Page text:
In recent times, Canada’s indigenous population has exhibited some of the strongest growth among demographic groups in the country, growing at about four times (20.1 per cent) the pace of the total non-Indigenous population (5.2 per cent) from 2006 to 2011.11 If such growth continues, it is expected that by 2031, about 25 per cent of the population of Saskatchewan and 20 per cent of the population of Manitoba will be Indigenous.12 This rising population of Indigenous youth will form a significant portion of the labour force, and their success is crucial for the Canadian economy at large.

* These projections were produced by the Demography Division of Statistics Canada based on assumptions provided or selected by the client, and not by Statistics Canada. In no event will Statistics Canada be liable for any direct, special, indirect, consequential or other damages, however caused.

From 2006 to 2011, the Indigenous working age population increased by 21 per cent compared to 5 per cent for non-Indigenous people.13 But the unemployment rate for the Indigenous population remains consistently high at 13 per cent, compared to 6 per cent for the non-Indigenous population.14 It is expected that about 300,000 Indigenous youth will enter the Canadian labour force from 2007 to 2022 and it is in all our interests to create the conditions that foster their full participation in the Canadian economy.15

In this context, ECE has an important role to play in helping Indigenous children cope with adversity and acquire a range of social, cognitive, and emotional skills that will serve them throughout their lives. As we will discuss in the next blog in this series, research shows that high-quality Indigenous-centred ECE can help Indigenous children cope with challenging environmental conditions, while strengthening their social, emotional, and academic well-being.

The next blog in this series provides an overview of the current landscape for Indigenous-centred early childhood education programming in Canada. Continue reading ...

1    John Bennett, Benchmarks for Early Childhood Services in OECD Countries (Florence: UNICEF, 2008; accessed October 4, 2016), and WorldBank.org, Invest Early: Early Childhood Development a Driver for Results, (accessed October 4, 2016).

2    Jessica Ball, Improving the Reach of Early Childhood Education for First Nations, Inuit and Métish Children (Toronto: Moving Childcare Forward Project, 2014), 13.

3    Julie Cool, Child Care in Canada: The Federal Role(Ottawa: Parliament of Canada, 2007; accessed October 4, 2016).

4    Emis Akbari and Kerry McCuaig, Early Childhood Education Report 2014 (Toronto: Ontario Institue for Studies in Education, University of Toronto, 2014), 4.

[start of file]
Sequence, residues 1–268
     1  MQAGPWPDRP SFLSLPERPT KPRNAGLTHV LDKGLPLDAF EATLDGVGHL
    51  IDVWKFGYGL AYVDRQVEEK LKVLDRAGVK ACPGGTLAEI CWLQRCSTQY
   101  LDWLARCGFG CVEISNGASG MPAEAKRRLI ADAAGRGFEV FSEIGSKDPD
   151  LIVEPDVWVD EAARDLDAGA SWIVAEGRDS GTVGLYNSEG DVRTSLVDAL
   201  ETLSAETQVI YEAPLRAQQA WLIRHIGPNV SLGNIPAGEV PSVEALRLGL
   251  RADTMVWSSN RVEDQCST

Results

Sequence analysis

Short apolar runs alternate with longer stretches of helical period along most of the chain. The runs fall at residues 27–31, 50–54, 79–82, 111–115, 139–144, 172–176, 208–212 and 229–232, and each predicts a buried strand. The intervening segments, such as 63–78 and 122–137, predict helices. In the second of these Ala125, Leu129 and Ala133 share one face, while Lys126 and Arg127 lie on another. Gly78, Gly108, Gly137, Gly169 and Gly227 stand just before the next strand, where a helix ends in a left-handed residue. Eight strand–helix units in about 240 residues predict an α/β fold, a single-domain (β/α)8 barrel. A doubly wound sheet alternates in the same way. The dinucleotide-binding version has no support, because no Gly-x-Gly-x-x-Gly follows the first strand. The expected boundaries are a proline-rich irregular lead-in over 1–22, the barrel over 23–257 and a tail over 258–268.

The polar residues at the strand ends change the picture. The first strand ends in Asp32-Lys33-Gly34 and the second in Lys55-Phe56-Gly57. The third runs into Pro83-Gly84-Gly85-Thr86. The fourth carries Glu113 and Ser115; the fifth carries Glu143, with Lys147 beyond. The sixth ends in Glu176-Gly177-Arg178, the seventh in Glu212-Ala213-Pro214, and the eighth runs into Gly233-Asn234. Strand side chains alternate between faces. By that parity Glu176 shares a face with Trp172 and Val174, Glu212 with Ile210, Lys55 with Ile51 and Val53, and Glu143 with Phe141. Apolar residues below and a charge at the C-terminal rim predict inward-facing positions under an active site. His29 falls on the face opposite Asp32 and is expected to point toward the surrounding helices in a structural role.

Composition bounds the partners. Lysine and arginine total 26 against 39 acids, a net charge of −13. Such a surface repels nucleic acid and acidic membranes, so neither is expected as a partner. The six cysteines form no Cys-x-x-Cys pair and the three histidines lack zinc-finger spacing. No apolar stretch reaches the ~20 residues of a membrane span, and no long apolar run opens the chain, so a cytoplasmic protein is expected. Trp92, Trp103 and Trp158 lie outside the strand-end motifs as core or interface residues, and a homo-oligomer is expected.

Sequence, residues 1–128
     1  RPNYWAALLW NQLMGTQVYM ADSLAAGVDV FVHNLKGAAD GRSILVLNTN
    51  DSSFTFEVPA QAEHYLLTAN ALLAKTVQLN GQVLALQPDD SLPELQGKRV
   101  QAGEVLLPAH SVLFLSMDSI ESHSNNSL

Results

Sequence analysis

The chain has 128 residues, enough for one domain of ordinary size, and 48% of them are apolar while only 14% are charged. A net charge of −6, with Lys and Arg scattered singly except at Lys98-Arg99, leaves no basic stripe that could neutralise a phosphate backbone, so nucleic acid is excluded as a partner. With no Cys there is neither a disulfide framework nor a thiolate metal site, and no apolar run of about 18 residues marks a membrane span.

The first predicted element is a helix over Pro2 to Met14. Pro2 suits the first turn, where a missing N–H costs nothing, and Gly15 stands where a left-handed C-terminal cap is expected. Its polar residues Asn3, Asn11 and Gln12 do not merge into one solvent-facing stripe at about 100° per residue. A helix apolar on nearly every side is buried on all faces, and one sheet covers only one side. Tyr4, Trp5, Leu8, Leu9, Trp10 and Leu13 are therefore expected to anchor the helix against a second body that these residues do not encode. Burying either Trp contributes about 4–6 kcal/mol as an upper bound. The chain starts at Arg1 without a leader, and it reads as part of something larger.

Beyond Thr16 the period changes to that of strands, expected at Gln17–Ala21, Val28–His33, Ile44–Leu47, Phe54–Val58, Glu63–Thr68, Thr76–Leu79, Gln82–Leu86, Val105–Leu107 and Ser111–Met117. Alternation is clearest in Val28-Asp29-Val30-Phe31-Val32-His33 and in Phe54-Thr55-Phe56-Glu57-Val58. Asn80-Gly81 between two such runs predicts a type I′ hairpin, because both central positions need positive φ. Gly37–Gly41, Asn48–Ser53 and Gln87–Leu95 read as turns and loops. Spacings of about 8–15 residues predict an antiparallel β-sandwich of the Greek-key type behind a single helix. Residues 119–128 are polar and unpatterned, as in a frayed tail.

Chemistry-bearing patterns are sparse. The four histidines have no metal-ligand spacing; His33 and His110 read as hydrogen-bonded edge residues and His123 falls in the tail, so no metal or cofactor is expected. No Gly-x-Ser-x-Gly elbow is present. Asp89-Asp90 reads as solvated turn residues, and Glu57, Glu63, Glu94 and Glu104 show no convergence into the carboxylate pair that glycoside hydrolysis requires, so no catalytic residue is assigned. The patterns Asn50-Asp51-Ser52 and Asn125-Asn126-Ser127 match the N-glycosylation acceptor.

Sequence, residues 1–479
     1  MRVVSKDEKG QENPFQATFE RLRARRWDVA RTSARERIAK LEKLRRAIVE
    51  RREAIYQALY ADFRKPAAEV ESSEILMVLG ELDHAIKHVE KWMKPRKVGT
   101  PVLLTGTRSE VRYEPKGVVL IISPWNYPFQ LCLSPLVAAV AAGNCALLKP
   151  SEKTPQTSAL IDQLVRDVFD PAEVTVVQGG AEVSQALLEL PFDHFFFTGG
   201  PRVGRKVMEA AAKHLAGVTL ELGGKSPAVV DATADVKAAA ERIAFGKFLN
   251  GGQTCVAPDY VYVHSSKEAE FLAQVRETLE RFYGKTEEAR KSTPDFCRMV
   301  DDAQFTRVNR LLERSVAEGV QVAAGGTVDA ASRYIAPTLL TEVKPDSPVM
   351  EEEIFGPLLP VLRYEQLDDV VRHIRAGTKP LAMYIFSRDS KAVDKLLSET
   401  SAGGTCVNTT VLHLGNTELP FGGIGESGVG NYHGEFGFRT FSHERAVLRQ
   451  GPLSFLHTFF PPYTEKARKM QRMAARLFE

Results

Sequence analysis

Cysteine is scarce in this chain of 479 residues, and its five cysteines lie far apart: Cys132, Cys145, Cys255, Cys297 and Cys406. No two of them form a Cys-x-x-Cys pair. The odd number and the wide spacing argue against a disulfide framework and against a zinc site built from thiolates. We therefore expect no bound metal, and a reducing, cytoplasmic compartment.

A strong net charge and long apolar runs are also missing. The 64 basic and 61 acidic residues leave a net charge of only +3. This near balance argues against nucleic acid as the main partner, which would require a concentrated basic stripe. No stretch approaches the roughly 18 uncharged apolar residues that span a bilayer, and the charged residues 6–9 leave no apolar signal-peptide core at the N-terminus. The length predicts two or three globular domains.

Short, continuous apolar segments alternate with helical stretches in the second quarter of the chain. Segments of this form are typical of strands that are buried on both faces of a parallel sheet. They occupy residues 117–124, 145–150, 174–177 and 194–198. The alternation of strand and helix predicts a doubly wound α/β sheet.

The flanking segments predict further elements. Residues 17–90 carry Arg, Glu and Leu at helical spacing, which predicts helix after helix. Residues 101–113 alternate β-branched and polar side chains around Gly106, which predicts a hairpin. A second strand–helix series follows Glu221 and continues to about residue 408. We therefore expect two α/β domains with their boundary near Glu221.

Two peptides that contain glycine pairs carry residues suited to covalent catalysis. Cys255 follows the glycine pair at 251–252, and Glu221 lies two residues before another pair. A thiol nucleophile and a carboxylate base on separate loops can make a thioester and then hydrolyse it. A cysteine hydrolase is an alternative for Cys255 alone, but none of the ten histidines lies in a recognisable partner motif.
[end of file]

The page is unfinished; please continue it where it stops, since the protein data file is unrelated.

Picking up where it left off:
5    Jessica Ball, Improving the Reach of Early Childhood Education for First Nations, Inuit and Métish Children (Toronto: Moving Childcare Forward Project, 2014).

6    Ibid, 10.

7    Eric Guimond and Norbert Robitaille, “When Teenage Girls Have Children: Trends and Consequences,” Horizons: Policy Research Initiative 10, no. 1 (2008), 49.

8    Ibid.

9    Ball, J. Indigenous Young Children’s Language and Literacy Development: Research Evaluating Progress, Promising Practices, and Needs. Canadian Language and Literacy Networked Centre of Excellence, 2007, 12.

10  Ibid.

11  Jessica Ball, Improving the Reach of Early Childhood Education for First Nations, Inuit and Métish Children (Toronto: Moving Childcare Forward Project, 2014), 3.

12  Statistics Canada, Population Projections by Aboriginal Identity in Canada (Ottawa: StatsCan, 2011).

13  Indigenous and Northern Affairs Canada, Fact Sheet—2011 National Household Survey Indigenous Demographics, Educational Attainment and Labour Market Outcomes. (Accessed August 26, 2016.)

14  Ibid.

15  House of Commons Standing Committee on Aboriginal Affairs and Northern Development, No Higher Priority: Aboriginal Post-Secondary Education in Canada (Ottawa: Government of Canada, 2007), 5.

Photo of Kiran Alwani

Kiran
Alwani

Kiran is a Master's student in Public Policy and Global Affairs at The University of British Columbia. Kiran completed her BSc (Hons) in anthropology and sociology from the Lahore University of Management Sciences. Before moving to Canada, she worked with underprivileged children and their communities as a fellow at Teach for Pakistan. Her experience with Pakistan’s public education system, and the country’s educational crisis, ignited her desire to pursue a career in public policy to drive positive global change.

Before starting her master's, Kiran worked in communications, public engagement, and development at the Institute for Canadian Citizenship in Toronto, where she worked on major projects including Adrienne Clarkson’s 2014 CBC Massey Lectures and the ICC’s annual LaFontaine-Baldwin Symposium.